vaccine production and distribution ramp up and more states begin to heed a call from President Biden to expand access to all adults by May.
States are also racing to stay ahead of the growing number of virus variants, some of which are more contagious and possibly even more deadly. At least three states — Maine, Virginia and Wisconsin — and Washington, D.C., have said that they will expand eligibility to their general population by May 1, the deadline that Mr. Biden set last week. At least six other states — including Colorado, Connecticut, Ohio, Michigan, Montana and Utah — hope to do so this month or next.
In Mississippi and Alaska, everyone age 16 or older is eligible, and Arizona and Michigan have made the vaccines available to all adults in some counties.
Mr. Biden said last week that he was directing the federal government to secure an additional 100 million doses of the Johnson & Johnson vaccine. With three vaccines now in use, Mr. Biden has said that the United States will have secured enough doses by the end of May for shots to be available for all adults.
Several states have already been expanding eligibility for vaccinations. In Ohio, vaccines will open to anyone 40 and up as of Friday, and to more residents with certain medical conditions. Indiana extended access to people 45 and older, effective immediately.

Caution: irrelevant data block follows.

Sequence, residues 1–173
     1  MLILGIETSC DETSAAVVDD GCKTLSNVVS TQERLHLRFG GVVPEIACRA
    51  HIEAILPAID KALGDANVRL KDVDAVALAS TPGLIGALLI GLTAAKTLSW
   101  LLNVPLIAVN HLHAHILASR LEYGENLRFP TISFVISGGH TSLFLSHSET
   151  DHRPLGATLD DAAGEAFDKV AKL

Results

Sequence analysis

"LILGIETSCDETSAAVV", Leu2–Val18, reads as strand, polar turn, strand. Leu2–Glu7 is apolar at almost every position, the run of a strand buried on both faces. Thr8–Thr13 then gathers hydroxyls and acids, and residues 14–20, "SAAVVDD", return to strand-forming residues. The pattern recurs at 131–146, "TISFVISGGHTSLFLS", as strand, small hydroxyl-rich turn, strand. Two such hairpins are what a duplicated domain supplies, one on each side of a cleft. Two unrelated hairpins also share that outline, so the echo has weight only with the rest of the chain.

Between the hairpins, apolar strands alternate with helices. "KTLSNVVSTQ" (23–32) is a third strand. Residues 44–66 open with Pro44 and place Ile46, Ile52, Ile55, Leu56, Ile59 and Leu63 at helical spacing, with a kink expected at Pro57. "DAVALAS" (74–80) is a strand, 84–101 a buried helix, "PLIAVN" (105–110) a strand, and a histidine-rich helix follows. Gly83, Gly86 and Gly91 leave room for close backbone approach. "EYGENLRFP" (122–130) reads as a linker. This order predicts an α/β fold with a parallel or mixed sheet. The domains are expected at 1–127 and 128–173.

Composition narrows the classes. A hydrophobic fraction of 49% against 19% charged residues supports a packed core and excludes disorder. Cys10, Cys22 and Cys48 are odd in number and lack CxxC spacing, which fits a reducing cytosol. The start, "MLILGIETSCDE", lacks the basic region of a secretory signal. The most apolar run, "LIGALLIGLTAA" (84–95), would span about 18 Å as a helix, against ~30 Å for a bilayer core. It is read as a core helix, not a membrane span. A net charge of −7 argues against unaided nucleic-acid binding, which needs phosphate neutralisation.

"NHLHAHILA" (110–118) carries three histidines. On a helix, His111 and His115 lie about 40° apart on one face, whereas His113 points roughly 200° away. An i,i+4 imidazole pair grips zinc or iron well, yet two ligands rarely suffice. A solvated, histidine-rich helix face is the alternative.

Coloradans age 50 and up will be eligible for a shot on Friday, along with anyone 16 years and older with certain medical conditions. Wisconsin said on Tuesday that residents 16 years and up with certain medical conditions would be eligible a week earlier than initially planned.
On Monday, Texans age 50 and older and Georgians over 55 became eligible for vaccines.
In New York State, residents 60 and older are eligible to receive a vaccine, and more frontline workers will become eligible on Wednesday, including government employees, building services workers and employees of nonprofit groups. Gov. Andrew M. Cuomo has yet to announce how or when the state will open eligibility to all adults.
Since vaccinations began in December, the federal government has delivered nearly 143 million vaccine doses to states and territories, and more than 77 percent have been administered, according to Centers for Disease Control and Prevention. The country is averaging about 2.4 million shots a day, compared with well under one million a day in January.
As of Tuesday, 65 percent of the country’s older population had received at least one vaccine dose, according to C.D.C. data, with 37 percent fully vaccinated.
Virus-related cases, deaths and hospitalizations are significantly down from the peak levels reported in January. But progress has slowed noticeably since the start of this month, with continued drops in some states offset by persistent outbreaks in other parts of the country, especially the Northeast.
Public health leaders like Dr. Rochelle Walensky, the C.D.C. director, have warned Americans not to let their guard down prematurely, noting that the amount of new cases remains high, at around 55,000 per day.